Tomorrow marks the fortieth anniversary of the outbreak of the Yom Kippur War. And while Israel continues to face threats on all sides, in one significant way, Israel’s reality is very different to what it was in 1973.
Yes Syria threatens from the north, Iran from the east, and Egypt, teetering on the brink, poses serious concern in the south; but these, Israel’s enemies, are no longer united. On the occasion of Israel’s 65th birthday earlier this year we posted the following:
Think back to 1973. It was the year of the Yom Kippur War, when Israel was attacked by a solid and united Arab front from all directions. Fast forward to 2013. The Arab-Israeli conflict – in its classical form – no longer really exists. Instead of an Israel versus the Arab world model, the paradigm has shifted: Israel now conducts its neighborhood foreign policy on a largely bilateral basis. The experiment of Nasser-style Arab nationalism failed miserably, and the Arab world, especially considering the current fissures, no longer even feigns a sense of unity.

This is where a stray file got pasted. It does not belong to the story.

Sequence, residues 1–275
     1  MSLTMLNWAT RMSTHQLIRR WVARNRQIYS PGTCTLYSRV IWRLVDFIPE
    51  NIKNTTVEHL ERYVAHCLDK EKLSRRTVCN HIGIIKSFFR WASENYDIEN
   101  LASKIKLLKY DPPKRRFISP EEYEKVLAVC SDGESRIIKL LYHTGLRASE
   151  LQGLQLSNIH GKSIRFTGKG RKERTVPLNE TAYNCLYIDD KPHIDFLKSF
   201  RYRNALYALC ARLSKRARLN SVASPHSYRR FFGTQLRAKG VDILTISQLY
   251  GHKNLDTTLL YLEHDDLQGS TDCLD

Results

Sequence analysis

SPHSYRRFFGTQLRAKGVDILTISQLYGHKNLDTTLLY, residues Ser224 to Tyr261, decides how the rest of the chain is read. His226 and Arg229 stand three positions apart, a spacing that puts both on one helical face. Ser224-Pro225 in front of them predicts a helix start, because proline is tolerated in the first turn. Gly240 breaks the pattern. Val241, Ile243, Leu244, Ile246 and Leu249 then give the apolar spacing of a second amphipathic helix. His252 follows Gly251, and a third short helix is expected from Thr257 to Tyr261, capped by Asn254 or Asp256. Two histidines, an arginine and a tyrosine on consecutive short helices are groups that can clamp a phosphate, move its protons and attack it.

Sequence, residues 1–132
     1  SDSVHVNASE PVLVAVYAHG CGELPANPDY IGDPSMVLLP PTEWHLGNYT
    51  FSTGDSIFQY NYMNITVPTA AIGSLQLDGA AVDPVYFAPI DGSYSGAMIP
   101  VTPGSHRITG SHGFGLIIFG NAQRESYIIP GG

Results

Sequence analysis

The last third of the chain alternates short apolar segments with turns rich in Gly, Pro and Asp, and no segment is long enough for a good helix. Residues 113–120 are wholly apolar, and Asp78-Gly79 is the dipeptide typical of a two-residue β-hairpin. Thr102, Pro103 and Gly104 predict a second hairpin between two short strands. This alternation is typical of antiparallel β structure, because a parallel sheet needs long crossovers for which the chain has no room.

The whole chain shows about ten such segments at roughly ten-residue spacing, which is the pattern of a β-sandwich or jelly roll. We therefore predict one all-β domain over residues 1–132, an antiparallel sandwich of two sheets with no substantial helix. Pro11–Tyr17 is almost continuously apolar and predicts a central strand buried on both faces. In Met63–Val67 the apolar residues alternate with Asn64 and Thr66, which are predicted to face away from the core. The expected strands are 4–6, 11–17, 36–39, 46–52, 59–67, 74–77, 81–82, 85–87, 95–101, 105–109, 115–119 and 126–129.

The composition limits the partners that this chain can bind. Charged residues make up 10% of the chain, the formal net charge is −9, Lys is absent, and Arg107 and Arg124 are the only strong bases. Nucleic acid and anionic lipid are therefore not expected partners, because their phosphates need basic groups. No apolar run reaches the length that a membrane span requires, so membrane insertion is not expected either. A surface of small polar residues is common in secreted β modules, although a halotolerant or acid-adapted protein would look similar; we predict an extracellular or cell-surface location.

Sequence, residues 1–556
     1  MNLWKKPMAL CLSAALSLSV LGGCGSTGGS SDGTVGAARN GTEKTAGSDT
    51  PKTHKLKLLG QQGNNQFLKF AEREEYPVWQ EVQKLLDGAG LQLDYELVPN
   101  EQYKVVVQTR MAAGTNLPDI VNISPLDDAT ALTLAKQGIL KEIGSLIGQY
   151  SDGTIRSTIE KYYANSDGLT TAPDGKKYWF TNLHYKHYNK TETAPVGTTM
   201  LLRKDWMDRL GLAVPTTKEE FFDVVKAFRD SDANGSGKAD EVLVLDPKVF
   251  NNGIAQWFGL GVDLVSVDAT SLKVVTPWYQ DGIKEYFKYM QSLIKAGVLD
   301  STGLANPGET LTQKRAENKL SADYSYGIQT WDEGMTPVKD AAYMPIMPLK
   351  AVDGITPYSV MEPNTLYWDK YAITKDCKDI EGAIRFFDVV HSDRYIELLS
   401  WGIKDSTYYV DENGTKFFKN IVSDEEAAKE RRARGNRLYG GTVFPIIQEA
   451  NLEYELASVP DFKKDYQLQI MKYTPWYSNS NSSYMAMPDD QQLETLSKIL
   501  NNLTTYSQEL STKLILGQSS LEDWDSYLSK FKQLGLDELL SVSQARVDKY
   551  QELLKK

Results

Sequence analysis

The ten years since the Iraq war, and the last two since the Arab Spring, have witnessed an unimaginable splintering of the Arab world. In a strange way, Israel is the beneficiary. Not only are its enemies no longer united, but they cannot fixate on Israel as much as they perhaps would want. Their internal problems are simply too overwhelming.
United we stand, divided we fall. It may be a cliché, but like most clichés it does contain wisdom. And there’s a lesson for us as a Jewish community to learn from the shambles of the Arab one. The more united we become, the stronger we will be. That’s the idea behind the four species of Sukkot explains Rabbi Ronen Neuwirth of Israel’s Beit Hillel. To fulfill the commandment of bentching Lulav, or waving the four species, one must hold all four together. The etrog (citron) is the most beautiful, representing according to Neuwirth, the pious among us, yet on its own, the etrog cannot fulfill the mitzvah. It must be joined with all its fellow Jews, whether ‘beautiful’ or not.
On this Yom Kippur, let’s remember the courage of the Jewish nation forty years ago, and be thankful for Israel’s increased stability and world standing. And let us endeavor to become a more unified nation, coming together in prayer and spirit.